The Magazine

Smoking, No, Nicotine, Maybe

The diminishing returns of the anti-tobacco ­campaign.

Feb 27, 2012, Vol. 17, No. 23 • By ELI LEHRER
Widget tooltip
Single Page Print Larger Text Smaller Text Alerts

If there’s one perfectly safe conclusion to draw from nearly a century of public health research, it’s this: Cigarette smoking is really, really bad for your health. An unusually complete, if rather obvious, 2010 Surgeon General’s Report on the topic shows that inhaling tobacco smoke not only causes lung disease but also leads to increased risks of stroke, heart attack, and dozens of other maladies. As a result, it’s not surprising that 38 states (sin-happy Nevada among them) and countless localities have enacted various smoking bans while advertisements, public health campaigns, and tax policies send a simple message: Smokers must quit all tobacco use or die early, painful deaths.

Photo of glamorous looking women smoking

AP Images

But public health crusaders haven’t stopped at fighting smoking: Bans on smokeless tobacco use, e-cigarettes, and outdoor smoking have gone into force in locations ranging from the University of Texas’s Arlington Campus (all tobacco), to Boston (e-cigarettes). A growing body of research, however, reveals that the shun-tobacco-or-die dichotomy is an oversimplification. In fact, there’s significant evidence that the act of inhaling burning plant matter does much of the harm while the addictive substance in question (nicotine) and the plant itself (tobacco) are a mixed bag. Public health policy may be better served by a harm reduction strategy that continues efforts to discourage smoking while trying to steer tobacco and nicotine users towards safer forms of the substances.

A review of the evidence should start with nicotine. Like other stimulants, it potentially causes long-term cardiovascular harm by increasing one’s heart rate and, without a doubt, is addictive for at least a portion of the population. However, peer-reviewed research also shows that nicotine improves focus and alertness, and decreases appetite (hence the weight gain associated with quitting smoking). And the relationship between nicotine and cancer is complicated: It doesn’t necessarily cause cancer in humans but some animal studies indicate it could potentially promote tumor growth.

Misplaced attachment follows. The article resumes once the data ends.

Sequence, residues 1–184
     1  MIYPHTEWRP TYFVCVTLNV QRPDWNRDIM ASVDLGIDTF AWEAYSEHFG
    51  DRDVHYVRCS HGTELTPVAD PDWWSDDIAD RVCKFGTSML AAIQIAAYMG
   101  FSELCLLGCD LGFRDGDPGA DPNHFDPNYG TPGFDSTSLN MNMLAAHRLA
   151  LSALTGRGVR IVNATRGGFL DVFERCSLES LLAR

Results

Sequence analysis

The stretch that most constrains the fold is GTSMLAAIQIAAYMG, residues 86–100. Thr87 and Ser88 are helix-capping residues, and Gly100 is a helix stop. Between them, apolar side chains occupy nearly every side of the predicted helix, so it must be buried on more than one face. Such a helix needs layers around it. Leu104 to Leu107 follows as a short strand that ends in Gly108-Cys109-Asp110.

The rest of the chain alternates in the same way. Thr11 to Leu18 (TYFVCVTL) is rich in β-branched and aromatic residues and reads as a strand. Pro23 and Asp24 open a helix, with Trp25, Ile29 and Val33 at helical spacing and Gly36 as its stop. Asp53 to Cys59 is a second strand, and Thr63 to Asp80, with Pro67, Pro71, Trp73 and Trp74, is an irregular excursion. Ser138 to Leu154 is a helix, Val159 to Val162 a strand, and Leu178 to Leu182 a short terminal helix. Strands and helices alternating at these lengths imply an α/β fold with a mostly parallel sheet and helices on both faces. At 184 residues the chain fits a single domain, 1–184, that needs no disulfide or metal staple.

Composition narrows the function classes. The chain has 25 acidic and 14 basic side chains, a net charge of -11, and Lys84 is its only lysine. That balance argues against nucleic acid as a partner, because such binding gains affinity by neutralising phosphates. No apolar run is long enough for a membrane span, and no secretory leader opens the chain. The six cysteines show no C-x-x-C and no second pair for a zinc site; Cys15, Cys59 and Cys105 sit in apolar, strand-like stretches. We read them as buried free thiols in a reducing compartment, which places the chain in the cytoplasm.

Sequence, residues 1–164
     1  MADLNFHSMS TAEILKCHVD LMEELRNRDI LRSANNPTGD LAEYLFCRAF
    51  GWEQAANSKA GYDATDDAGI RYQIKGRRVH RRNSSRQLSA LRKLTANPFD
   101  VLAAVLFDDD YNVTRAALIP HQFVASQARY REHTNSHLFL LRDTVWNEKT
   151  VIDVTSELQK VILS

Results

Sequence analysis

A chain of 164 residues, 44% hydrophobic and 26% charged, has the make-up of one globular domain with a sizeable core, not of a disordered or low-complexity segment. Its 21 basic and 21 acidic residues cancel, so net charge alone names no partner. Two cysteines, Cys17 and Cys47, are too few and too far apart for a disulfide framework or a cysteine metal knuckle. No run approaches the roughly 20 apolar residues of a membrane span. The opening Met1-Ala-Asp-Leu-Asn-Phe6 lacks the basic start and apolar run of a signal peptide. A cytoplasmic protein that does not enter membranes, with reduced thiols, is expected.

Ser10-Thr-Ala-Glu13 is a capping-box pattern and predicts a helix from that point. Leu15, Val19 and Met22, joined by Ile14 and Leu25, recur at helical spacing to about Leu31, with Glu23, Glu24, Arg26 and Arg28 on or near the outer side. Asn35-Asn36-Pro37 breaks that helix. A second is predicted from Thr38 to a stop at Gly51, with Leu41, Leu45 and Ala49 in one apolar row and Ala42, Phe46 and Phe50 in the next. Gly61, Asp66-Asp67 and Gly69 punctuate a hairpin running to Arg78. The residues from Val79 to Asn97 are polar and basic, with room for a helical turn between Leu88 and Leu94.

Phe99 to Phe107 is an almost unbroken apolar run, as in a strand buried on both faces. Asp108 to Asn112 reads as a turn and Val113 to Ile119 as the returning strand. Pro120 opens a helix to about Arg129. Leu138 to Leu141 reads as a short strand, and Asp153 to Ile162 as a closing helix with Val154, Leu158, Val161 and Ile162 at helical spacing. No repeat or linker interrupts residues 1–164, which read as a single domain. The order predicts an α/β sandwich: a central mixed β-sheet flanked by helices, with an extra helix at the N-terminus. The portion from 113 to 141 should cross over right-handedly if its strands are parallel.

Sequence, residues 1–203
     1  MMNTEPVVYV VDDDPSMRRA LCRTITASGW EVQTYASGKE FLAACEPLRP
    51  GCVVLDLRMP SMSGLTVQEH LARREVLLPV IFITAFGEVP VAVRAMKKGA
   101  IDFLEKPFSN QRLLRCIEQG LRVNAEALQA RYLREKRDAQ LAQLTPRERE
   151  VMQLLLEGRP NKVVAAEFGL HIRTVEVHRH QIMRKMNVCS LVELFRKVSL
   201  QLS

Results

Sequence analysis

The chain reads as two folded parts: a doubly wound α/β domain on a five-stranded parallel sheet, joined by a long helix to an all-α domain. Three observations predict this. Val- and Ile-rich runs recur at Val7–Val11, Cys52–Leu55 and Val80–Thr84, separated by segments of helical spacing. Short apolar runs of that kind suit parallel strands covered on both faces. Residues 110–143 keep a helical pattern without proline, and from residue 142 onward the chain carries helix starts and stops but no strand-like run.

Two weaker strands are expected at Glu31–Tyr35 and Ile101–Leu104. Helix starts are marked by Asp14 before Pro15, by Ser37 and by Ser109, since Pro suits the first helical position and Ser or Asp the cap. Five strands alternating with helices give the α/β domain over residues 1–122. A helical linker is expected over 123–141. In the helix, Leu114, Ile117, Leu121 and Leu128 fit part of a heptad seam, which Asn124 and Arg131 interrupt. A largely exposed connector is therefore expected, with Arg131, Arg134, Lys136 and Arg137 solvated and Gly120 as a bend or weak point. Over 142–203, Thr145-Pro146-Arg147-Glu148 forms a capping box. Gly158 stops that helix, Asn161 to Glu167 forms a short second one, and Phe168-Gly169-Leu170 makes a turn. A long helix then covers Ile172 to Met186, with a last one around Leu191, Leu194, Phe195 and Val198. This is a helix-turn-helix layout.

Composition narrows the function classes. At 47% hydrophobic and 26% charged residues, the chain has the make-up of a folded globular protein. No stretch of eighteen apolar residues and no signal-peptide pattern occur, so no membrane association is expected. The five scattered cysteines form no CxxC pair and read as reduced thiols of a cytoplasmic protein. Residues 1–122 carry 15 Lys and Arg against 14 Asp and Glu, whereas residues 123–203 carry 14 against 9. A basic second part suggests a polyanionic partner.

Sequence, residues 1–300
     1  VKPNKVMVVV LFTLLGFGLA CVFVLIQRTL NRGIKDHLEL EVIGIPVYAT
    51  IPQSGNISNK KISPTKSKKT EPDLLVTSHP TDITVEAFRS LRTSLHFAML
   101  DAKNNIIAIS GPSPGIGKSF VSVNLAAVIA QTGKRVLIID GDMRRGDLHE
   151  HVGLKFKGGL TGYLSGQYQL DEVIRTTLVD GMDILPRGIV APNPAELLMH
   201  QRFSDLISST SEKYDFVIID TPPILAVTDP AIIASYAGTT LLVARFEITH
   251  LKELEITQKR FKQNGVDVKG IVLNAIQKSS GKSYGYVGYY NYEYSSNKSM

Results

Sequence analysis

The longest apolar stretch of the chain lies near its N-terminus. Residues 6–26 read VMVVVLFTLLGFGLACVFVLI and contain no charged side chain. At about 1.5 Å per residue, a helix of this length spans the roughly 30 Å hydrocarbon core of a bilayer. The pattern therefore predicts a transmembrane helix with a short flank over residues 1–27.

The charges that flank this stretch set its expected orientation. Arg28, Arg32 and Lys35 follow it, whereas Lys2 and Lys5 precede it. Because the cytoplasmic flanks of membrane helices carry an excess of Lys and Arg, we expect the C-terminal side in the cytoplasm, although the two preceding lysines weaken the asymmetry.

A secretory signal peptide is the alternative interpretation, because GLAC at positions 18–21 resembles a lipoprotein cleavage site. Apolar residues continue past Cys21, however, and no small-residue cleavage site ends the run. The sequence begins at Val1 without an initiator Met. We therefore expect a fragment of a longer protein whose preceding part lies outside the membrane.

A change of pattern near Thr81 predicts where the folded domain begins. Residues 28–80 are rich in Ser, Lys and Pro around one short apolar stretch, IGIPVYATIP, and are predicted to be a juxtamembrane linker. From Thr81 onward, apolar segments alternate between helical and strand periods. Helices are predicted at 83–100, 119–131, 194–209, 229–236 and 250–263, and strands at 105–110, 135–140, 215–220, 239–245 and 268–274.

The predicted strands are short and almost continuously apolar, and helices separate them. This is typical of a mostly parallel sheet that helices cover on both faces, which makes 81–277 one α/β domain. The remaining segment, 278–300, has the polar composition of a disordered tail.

In some cases, nonetheless, the benefits of nicotine use may outweigh the harms. Schizophrenics, for example, smoke at up to four times the rate of the population as a whole, and a significant, well-regarded body of research suggests that smoking is a form of self-medication to control their condition. (States including Connecticut, Maryland, and Pennsylvania specifically exempt mental hospitals from smoking bans.) And nicotine gum seems as effective as anything else in helping smokers avoid weight gain after they quit.

Despite the manifest harm of cigarette smoking, it’s surprisingly hard to find strong evidence linking nicotine or tobacco per se to serious negative health outcomes. Certain formulations of smokeless tobacco, particularly Swedish-style snuff, snus, that’s held under the lip rather than chewed, appear to produce cancer rates only a bit higher than those in the population as a whole. (Other forms of smokeless tobacco—mostly forms consumed outside of the United States—can be nearly as bad as cigarettes.) To be sure, tobacco isn’t a health food and its repeated use in any common form will probably increase cancer prevalence somewhat. But it’s pretty clear that the way one consumes tobacco matters a lot.